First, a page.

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Staff Picks: Five Athlete Movie Cameos That Were Actually Well Executed


Glenn Davis: For a guy who generally seems to be something of a crank (witness his bizarre attempt to publicly shame the Lakers into getting him a statue outside Staples Center), Kareem Abdul-Jabbar is a stunningly good comic actor. And while he’s showcased that side of himself occasionally on The Colbert Report, for instance, his somewhat-hidden talent was unleashed for good in the 1980 classic Airplane!, and Abdul-Jabbar’s turn as plane co-pilot “Roger Murdock” will forever be his defining foray into the entertainment world.

Amazingly, “Murdock’s” biggest moment isn’t on Youtube as best we can tell, but that’s all the more reason to seek out this movie if you haven’t seen it (and really, even if you already have). Suffice to say, we will never underestimate the difficulty of dragging Walton and Lanier up and down the court for 48 minutes, and even if Kareem himself has difficulty recalling the particulars of that scene, we never will. And Kareem’s exit from the film (you can see it at the 30-second mark below) provided the perfect capper to his unexpectedly hilarious performance.

Sure, he’s wearing (most of) the basketball uniform…but this was him showing off a much, much different Kareem. And we couldn’t be happier about it.

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Spencer Lund: Adam Sandler’s The Waterboy isn’t one of his most memorable movies. It features a stuttering Sandler moving from waterboy to star linebacker, all the while muttering Sandlerisms and finding his way into the heart of a pretty girl. So, yeah, it’s your standard Sandler sports movie (and he’s made a few: Happy Gilmore, Waterboy, and the Longest Yard).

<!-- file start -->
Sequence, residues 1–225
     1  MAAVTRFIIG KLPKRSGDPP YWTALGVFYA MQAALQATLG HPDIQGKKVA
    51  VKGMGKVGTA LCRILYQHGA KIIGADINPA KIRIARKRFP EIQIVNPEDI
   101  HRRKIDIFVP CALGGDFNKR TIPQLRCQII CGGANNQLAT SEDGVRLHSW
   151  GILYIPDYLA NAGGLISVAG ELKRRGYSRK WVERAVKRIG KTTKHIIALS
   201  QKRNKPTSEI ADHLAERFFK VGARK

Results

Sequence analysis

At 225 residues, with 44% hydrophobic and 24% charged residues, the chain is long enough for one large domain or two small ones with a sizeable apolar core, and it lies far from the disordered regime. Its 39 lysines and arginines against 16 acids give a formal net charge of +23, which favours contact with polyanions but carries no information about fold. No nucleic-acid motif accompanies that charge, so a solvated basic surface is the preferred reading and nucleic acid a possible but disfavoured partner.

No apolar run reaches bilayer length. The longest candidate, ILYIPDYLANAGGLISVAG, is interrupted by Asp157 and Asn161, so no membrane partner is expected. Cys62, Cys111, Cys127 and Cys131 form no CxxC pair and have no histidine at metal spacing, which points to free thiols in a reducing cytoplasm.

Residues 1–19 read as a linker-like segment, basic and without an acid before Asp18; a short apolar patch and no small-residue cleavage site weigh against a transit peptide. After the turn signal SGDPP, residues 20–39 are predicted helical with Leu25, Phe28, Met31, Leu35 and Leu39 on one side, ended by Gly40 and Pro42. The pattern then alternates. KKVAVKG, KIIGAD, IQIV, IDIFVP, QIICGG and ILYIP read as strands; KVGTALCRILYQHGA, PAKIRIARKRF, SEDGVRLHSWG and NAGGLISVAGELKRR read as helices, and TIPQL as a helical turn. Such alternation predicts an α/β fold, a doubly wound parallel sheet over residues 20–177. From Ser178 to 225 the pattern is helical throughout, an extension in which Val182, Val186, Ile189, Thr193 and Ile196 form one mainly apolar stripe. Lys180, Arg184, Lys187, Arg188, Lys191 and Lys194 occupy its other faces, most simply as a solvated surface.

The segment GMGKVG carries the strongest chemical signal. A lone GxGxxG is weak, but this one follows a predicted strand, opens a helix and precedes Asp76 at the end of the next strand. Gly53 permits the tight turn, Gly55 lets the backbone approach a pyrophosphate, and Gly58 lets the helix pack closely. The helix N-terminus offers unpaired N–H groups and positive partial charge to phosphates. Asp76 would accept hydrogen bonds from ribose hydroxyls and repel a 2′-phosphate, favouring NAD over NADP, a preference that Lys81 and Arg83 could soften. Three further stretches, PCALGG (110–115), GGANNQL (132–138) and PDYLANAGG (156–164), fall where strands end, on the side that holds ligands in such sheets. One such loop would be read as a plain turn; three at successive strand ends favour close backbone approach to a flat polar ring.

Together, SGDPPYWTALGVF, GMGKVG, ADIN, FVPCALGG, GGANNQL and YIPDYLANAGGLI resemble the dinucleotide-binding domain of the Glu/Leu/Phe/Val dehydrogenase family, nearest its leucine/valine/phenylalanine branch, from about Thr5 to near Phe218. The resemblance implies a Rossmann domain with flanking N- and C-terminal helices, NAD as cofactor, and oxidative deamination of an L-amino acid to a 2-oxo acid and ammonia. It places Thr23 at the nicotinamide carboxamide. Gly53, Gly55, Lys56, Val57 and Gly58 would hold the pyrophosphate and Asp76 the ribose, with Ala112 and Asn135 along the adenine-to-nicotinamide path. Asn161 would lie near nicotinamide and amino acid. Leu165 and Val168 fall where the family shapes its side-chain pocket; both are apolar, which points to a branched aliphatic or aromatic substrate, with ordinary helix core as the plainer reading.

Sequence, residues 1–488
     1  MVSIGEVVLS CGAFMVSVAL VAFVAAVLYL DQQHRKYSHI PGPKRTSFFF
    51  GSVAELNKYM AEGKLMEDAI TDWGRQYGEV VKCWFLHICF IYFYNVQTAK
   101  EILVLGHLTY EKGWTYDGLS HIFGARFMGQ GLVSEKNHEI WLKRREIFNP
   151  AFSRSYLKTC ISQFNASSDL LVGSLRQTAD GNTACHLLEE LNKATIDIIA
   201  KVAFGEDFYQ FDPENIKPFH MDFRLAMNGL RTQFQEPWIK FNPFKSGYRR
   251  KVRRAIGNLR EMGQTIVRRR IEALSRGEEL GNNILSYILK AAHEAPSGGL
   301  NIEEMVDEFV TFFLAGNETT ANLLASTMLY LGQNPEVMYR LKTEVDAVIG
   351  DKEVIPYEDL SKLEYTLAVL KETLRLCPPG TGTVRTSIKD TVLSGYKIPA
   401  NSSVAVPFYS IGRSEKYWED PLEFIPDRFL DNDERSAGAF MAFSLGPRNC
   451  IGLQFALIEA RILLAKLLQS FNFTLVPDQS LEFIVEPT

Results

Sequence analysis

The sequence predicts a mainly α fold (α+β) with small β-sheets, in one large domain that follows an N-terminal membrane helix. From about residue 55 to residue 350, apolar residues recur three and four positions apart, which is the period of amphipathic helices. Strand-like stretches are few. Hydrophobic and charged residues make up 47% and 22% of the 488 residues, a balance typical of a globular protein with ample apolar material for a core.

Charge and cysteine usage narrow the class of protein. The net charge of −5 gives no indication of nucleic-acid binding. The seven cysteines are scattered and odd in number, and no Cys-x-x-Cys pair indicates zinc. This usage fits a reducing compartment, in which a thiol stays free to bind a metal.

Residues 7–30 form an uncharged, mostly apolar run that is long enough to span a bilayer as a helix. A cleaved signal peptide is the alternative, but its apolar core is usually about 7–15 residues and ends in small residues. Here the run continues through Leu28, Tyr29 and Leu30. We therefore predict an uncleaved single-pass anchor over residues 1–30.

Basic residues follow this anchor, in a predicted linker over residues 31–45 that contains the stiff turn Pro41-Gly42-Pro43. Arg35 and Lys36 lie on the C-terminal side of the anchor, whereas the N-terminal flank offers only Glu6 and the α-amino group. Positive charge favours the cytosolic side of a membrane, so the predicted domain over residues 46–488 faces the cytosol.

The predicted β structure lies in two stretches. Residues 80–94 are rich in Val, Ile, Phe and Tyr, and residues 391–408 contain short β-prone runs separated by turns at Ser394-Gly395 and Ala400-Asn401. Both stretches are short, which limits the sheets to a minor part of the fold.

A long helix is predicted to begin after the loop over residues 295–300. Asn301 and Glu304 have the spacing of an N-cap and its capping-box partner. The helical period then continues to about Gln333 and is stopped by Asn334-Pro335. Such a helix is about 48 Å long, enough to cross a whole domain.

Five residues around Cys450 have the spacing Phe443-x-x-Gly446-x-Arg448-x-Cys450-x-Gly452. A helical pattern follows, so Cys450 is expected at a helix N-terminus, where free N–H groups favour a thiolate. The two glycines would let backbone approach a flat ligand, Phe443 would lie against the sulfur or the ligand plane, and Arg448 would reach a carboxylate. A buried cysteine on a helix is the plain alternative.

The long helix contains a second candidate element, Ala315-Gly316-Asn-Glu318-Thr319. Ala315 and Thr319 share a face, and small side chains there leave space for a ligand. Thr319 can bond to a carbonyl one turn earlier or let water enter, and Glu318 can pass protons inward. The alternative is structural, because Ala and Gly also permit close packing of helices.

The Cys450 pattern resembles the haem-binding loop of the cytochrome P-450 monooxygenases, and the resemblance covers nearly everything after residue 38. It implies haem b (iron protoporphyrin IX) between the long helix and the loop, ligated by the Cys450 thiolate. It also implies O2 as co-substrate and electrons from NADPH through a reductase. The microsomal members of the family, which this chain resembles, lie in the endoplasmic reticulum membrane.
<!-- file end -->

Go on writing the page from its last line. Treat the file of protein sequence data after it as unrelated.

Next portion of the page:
Like many of Sandler’s films, this one features some cameos, the most notable being Lawrence Taylor. Yes, the Lawrence Taylor of the rapecrack, and general debauchery fame. If only Taylor could have taken his own advice in Waterboy.

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Dan Fogarty: Alex Karras’ career highlights, in order:

1) Being named to the NFL’s All-Decade team for the 1960′s.

2) Entering the college football Hall of Fame.

3) Punching a horse in Blazing Saddles.

For an athlete, Karras has a great IMDb page. But his most memorable movie role was as Mongo, the slow-witted brute who trots into town on a horse with “Yes” and “No” painted on its butt.

Mongo, though, was more than a bully: he was a philosopher. Upon being asked a question by Sheriff Bart, Mongo responded with, “Don’t know…” He then proceeded to look directly into the camera, and say, “…Mongo only pawn in game of life.”

Brilliant.

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  • Anonymous

    My favorite was the appearance of two Detroit Tigers on Magnum PI.

  • Boxdman

    Brett Favre in “There’s Something about Mary”


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